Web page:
The contribution represents the boundary-layer correction to , so that verifies the specified boundary conditions. The correction is appreciably different from zero only in a thin layer (the so-called boundary layer or Knudsen layer), adjacent to the plates, of thickness of the order of the mean free path. Consequently, if the separation between the plates is much larger than the characteristic mean free path, there exists a well defined bulk region where the boundary correction vanishes and the distribution function is fully given by its hydrodynamic part. In the boundary layers the hydrodynamic profiles are much less smooth than in the bulk domain. The values of the flow velocity near the walls are different from the velocity of the plates (velocity slip phenomenon), i.e. . Besides, the extrapolation of the velocity profile in the bulk to the boundaries, , is also different from both the actual values and the wall velocities . Of course, an analogous temperature jump effect takes place with the temperature profile. The boundary contribution for small Knudsen numbers has been analyzed elsewhere [8, 47].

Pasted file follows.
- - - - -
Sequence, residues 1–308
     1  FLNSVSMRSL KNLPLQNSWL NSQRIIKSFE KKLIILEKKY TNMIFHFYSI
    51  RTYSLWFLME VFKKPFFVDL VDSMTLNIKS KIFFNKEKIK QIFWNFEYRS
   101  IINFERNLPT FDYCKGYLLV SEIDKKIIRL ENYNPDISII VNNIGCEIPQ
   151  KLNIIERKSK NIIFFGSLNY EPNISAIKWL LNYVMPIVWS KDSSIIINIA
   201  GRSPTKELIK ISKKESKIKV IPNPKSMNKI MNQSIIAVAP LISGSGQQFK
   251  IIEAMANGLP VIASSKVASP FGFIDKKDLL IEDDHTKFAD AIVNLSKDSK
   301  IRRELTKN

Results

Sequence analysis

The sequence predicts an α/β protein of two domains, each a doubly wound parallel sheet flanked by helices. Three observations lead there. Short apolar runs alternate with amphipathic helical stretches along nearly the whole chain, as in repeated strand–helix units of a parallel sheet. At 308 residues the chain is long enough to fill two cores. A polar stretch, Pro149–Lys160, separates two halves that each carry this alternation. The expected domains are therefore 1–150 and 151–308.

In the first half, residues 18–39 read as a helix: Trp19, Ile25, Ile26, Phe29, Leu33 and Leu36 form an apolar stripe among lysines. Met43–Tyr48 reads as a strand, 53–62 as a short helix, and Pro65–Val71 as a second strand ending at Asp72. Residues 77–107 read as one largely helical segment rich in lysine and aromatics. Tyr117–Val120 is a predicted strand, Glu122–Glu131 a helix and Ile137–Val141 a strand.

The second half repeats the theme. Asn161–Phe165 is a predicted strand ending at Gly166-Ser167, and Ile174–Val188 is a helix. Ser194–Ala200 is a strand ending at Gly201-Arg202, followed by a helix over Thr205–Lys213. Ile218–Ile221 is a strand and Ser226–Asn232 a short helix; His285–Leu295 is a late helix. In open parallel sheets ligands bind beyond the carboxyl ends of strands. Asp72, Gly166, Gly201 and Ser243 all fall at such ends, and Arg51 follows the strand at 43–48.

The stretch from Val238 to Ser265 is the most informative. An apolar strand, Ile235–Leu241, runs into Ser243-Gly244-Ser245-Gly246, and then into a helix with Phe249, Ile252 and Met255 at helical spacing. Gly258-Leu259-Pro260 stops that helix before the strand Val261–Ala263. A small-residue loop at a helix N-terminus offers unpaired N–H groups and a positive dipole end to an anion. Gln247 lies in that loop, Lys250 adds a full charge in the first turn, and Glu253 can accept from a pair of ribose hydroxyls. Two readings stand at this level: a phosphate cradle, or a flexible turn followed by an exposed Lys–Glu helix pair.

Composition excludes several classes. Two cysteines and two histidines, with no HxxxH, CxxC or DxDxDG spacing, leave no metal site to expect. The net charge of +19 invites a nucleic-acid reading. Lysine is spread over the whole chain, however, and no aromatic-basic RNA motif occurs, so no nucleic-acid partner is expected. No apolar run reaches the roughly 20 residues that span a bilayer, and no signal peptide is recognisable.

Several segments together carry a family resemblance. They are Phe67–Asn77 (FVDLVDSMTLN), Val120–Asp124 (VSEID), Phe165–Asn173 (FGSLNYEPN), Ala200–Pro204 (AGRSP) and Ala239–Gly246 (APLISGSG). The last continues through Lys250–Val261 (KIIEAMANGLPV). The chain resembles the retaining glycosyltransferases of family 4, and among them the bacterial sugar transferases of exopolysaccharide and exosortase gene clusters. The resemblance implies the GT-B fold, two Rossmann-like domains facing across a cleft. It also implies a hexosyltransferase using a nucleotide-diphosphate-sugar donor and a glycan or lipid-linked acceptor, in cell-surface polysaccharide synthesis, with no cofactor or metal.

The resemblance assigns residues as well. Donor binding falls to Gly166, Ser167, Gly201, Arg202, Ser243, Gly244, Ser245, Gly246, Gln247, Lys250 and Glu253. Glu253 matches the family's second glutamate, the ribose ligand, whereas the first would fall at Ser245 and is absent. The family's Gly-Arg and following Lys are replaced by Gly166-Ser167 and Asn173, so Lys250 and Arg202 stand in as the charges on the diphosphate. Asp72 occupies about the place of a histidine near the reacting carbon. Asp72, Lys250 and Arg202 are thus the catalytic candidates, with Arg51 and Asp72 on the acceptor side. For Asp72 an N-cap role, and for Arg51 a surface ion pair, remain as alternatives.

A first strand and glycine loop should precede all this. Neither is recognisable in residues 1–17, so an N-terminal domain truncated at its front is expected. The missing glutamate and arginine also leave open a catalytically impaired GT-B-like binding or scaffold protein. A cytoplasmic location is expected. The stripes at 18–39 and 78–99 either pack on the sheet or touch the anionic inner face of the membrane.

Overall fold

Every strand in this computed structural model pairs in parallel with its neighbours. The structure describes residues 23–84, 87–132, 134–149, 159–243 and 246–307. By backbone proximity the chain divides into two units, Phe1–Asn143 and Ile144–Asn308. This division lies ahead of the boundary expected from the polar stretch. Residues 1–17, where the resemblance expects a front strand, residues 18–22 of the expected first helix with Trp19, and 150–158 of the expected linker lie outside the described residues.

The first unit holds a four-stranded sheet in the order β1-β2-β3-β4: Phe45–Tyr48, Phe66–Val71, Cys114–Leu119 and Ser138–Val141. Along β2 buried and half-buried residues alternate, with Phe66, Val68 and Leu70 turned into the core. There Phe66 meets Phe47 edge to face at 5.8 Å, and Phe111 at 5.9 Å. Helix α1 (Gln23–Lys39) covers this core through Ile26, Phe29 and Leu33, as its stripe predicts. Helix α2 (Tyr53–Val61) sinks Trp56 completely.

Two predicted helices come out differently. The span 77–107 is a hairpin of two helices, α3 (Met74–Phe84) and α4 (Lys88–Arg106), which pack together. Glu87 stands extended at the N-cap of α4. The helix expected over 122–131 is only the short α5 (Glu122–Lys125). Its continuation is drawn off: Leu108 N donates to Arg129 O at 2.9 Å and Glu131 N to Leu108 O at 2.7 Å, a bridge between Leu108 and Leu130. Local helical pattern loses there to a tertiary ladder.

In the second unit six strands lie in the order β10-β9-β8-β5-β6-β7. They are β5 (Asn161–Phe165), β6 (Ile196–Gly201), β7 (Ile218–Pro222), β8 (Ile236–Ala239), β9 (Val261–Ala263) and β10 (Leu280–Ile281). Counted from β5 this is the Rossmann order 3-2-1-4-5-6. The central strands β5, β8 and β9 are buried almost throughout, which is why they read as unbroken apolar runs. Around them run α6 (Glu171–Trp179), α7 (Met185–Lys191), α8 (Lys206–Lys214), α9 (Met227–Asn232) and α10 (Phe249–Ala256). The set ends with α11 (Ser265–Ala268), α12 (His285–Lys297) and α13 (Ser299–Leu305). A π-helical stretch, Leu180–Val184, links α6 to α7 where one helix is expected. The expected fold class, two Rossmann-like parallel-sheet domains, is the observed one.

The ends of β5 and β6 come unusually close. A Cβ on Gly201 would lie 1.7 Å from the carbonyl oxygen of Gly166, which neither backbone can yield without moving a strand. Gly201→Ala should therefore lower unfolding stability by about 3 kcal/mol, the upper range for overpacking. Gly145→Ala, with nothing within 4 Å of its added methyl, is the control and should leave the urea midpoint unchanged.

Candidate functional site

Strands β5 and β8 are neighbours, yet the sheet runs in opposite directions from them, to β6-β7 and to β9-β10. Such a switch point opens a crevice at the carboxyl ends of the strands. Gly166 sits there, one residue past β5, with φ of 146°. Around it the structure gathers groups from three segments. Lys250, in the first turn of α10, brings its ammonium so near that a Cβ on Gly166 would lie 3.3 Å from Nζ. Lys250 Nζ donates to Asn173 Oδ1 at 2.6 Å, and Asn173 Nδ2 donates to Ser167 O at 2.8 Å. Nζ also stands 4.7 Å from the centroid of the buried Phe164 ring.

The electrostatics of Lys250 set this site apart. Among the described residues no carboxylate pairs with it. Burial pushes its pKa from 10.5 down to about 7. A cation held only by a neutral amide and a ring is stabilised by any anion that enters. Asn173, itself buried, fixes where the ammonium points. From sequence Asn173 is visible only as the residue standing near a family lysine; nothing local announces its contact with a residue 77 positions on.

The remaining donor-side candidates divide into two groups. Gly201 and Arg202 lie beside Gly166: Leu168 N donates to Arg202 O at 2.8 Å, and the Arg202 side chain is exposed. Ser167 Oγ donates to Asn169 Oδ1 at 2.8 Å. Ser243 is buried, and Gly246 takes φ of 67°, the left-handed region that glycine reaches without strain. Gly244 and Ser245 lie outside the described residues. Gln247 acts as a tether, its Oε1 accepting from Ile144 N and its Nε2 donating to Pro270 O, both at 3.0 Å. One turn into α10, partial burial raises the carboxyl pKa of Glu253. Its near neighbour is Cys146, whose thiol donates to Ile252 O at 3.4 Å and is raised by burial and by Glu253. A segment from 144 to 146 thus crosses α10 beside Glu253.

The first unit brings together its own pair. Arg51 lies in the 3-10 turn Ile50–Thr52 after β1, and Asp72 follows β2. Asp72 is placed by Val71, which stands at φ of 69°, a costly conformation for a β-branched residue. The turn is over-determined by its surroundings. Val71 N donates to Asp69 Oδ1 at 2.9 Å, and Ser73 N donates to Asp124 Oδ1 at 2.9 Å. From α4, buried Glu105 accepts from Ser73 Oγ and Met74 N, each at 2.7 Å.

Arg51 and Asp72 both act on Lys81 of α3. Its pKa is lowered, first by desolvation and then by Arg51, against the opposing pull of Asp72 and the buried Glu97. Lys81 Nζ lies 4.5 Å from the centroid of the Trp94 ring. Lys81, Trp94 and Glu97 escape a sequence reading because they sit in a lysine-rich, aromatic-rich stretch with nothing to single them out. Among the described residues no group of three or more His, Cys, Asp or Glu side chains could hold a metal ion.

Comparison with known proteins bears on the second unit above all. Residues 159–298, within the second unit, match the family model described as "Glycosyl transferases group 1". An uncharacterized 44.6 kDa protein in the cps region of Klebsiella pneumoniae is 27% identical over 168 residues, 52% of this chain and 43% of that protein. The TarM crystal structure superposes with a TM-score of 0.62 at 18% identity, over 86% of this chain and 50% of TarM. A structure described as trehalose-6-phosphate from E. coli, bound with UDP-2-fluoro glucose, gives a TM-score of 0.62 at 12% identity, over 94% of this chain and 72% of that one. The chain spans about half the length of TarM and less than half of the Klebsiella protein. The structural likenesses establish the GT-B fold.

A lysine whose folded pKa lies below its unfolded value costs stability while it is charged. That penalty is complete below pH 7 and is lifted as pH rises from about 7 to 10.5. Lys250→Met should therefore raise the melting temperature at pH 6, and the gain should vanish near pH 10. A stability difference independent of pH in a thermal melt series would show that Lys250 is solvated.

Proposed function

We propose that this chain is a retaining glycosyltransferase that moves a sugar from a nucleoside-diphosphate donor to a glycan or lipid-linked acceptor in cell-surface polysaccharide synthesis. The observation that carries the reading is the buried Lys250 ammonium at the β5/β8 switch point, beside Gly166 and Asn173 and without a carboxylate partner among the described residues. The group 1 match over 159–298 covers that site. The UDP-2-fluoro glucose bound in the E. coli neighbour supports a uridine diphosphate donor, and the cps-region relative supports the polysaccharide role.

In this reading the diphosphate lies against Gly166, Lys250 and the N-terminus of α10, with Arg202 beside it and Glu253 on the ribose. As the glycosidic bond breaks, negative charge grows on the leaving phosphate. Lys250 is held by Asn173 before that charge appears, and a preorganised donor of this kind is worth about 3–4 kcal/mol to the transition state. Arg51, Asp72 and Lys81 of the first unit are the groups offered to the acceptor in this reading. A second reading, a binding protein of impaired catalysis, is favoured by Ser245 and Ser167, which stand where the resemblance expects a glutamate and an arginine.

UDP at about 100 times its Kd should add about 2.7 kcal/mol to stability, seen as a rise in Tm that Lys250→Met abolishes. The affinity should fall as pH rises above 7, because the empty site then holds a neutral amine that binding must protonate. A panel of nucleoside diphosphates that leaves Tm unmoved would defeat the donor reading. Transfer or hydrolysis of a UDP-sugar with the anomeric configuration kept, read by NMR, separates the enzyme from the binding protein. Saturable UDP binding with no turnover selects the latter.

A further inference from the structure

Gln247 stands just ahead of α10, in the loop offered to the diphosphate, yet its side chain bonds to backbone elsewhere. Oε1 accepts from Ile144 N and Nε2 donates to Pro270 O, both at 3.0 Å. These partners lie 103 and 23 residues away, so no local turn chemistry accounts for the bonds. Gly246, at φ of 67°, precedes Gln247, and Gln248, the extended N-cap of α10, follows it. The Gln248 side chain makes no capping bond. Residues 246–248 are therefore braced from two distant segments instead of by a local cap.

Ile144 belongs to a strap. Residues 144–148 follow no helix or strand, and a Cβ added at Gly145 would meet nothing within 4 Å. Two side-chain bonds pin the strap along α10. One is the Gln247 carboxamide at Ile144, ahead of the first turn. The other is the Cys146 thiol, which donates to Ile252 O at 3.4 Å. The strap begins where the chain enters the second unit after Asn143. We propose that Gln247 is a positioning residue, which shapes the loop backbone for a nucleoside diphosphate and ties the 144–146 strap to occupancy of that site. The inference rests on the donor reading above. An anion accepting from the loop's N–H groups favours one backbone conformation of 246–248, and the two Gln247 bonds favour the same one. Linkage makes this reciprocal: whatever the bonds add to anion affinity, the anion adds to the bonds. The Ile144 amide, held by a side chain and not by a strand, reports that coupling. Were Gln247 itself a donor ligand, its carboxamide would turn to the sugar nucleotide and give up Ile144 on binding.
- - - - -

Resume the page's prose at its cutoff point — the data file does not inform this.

In the remaining of this paper we will focus on the hydrodynamic part (and will drop the subscript H), with special emphasis on the corresponding hydrodynamic contributions to the momentum and heat fluxes. In order to nondimensionalize the problem, we choose quantities evaluated at the central plane as units:

(23) |

(24) |

(25) |

(26) |

In the above equations we have found it convenient to introduce the dimensionless *scaled* spatial variable

(27) |

where is an effective collision frequency. For the sake of concreteness, we choose it as

(28) |

where is the NS shear viscosity.
The change from the boundary-imposed shear rate to the *reduced local shear rate* is motivated by our goal of focusing on the central *bulk* region of the system, outside the boundary layers.
Note that represents the *Knudsen number* associated with the velocity gradient at . Likewise, measures the strength of the external field on a particle moving
with the thermal velocity along a distance on the order of the mean free path.

The relationship (27) can be inverted to yield

(29) |

## 3 Navier–Stokes description

To gain some insight into the type of fields one can expect in the Couette–Poiseuille flow, it is instructive to analyze the solution provided by the NS level of description. In the geometry of the problem, the NS constitutive equations are